The Impact of the 1985 Chicago Bears 30 Years Later

It’s hard to believe that it’s been 30 years since the 1985 Chicago Bears captivated and dominated the football world en route to a Super Bowl championship and a reputation as one of the NFL’s best teams of all time.

But you wouldn’t know that speaking to Bears fans like myself.

Thirty years and 29 Super Bowls later the impact of the ’85 Bears is still felt. They captivated the football world in a way that hadn’t been seen before and hasn’t been seen since.

With the team’s 30 year anniversary, ESPN is unveiling a new 30-for-30 documentary, “The ’85 Bears,” which premieres this Thursday, highlighting the events of that magical season and its forever-lasting impact on football and its fans.

The ’85 Bears were a team of destiny. The Bears had the most dominant defense in the NFL’s history, as well as arguably the best running back of all time in Walter Payton. They were near perfect (minus that single loss to the Miami Dolphins) and continued that show of dominance in the postseason with back-to-back shutouts of the New York Giants (21-0) and Los Angeles Rams (24-0) before destroying the New England Patriots 46-10 in Super Bowl XX.

That season remains a significant part of my life, and I wasn’t even alive during that time. But I still know every player, every game, and every significant moment that colored that special season. Names like Walter Payton, Mike Singletary, Mike Ditka, Buddy Ryan, Jim McMahon, and Richard Dent remain regular words in my vocabulary. Everything that they and the rest of the time achieved 30 years ago remains fresh in my mind.

 
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When my father and I reminisce about that remarkable season — and we do often — he tells me how truly amazing it was to behold; how incredible it was to be a fan that year. He says that I would’ve been in football heaven. That’s one of my biggest regrets — never having the privilege of watching them during that season. What a time to be alive that had to have been.

To this day the ’85 Bears remain the heroes of Chicago. It says a lot about what that team means to the city, and just how special that year was. But it also goes to show how the Bears have struggled to get back to the top in the 30 years since. Since the Bears’ Super Bowl XX appearance, the Bears have only made it to one other Super Bowl — a 29-17 loss to the Indianapolis Colts in Super Bowl XLI in 2006. Once again that team was highlighted by a dominating defense and a consistent offense. But there’s no denying that since that ’85 team that the Bears have been stuck in mediocrity.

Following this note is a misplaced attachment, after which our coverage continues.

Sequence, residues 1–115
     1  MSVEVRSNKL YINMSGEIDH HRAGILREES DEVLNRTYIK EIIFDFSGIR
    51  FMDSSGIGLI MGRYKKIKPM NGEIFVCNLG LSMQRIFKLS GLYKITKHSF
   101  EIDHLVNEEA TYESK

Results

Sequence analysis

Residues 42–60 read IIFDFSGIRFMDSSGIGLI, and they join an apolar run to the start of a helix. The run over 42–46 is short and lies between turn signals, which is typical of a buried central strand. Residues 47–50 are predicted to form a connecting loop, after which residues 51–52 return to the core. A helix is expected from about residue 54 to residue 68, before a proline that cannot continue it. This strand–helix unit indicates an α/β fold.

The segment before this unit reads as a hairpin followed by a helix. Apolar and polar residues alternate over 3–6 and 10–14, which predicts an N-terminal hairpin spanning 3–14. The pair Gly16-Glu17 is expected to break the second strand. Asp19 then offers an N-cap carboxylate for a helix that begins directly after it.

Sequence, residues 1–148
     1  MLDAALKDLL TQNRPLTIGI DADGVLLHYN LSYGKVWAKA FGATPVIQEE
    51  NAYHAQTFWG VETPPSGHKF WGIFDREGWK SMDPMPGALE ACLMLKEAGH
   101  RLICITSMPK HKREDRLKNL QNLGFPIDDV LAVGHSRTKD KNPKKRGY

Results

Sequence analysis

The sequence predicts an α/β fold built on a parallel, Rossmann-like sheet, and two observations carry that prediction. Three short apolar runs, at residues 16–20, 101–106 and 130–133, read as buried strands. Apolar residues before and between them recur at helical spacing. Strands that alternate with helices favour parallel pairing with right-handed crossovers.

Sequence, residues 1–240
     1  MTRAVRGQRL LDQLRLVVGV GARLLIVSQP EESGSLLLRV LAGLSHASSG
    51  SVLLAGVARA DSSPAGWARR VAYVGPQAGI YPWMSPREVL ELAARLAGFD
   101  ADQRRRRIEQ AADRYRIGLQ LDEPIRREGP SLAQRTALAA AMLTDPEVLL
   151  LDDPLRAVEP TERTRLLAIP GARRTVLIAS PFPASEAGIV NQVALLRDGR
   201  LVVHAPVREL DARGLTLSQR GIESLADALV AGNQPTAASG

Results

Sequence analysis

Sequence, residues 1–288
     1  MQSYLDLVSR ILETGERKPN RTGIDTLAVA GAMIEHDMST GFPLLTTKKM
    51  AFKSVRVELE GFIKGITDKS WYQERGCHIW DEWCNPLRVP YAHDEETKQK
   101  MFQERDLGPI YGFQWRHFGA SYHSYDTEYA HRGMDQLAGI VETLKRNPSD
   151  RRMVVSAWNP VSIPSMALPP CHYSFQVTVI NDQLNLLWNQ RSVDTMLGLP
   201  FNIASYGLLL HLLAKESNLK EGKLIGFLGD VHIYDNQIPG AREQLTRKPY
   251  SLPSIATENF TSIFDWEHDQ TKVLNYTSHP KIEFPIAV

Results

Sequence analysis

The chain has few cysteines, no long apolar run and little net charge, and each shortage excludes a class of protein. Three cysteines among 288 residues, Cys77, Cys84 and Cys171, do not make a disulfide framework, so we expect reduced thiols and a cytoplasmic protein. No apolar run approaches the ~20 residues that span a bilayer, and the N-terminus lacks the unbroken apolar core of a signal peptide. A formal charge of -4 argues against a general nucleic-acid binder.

The heart of that ’85 squad was none other than Hall of Fame running back Walter Payton, who at 30 years old was running like a kid fresh out of college. He didn’t miss a step. And he was pure magic to watch. Simply put, he’s the greatest to ever play the game.

The highlight of this ’85 team was the defense, who not only dominated but obliterated opposing offenses and quarterbacks. There was a three-game stretch in the month of November where the Bears defense outscored opposing offenses. And in the playoffs, the Bears recorded back-to-back shutouts before a dominating victory over the Patriots in Super Bowl XX.

One of the questions that has lingered to this day is what would’ve happened if Buddy Ryan hadn’t left his defensive coordinator position for the head coaching job in Philadelphia? Ryan had put together the best defense of all time, but it’s a shame that we only got to see it for one season.

The thing that people seem to forget is that the 1986 Bears defense was a dominant unit, as well. Without Ryan they still had that versatile group of talent that played fast, played hard, and played with a passion. And yet they never lived up to the ’85 squad. But that’s because of what Ryan brought to the table. Sure, it had to do with Ryan’s scheme and the classic 46 defense that left opposing offenses square on their backs. But Ryan was more than a coach to this defensive group. He was their heart. It’s why it hurt so much when he told them the night before that he was leaving at the end of the season.

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Who knows what could’ve been if Ryan had stayed? Who knows what this group of guys could have accomplished in another one, two, three seasons? What if?

But that’s what made this team so special. For one moment they shone brighter than any star in the galaxy. And then that light was gone. But that team’s impact has never faded.

For the ’85 Bears it’s not about what could’ve been, it’s about what has been accomplished. And, boy, did the ’85 Bears leave their mark.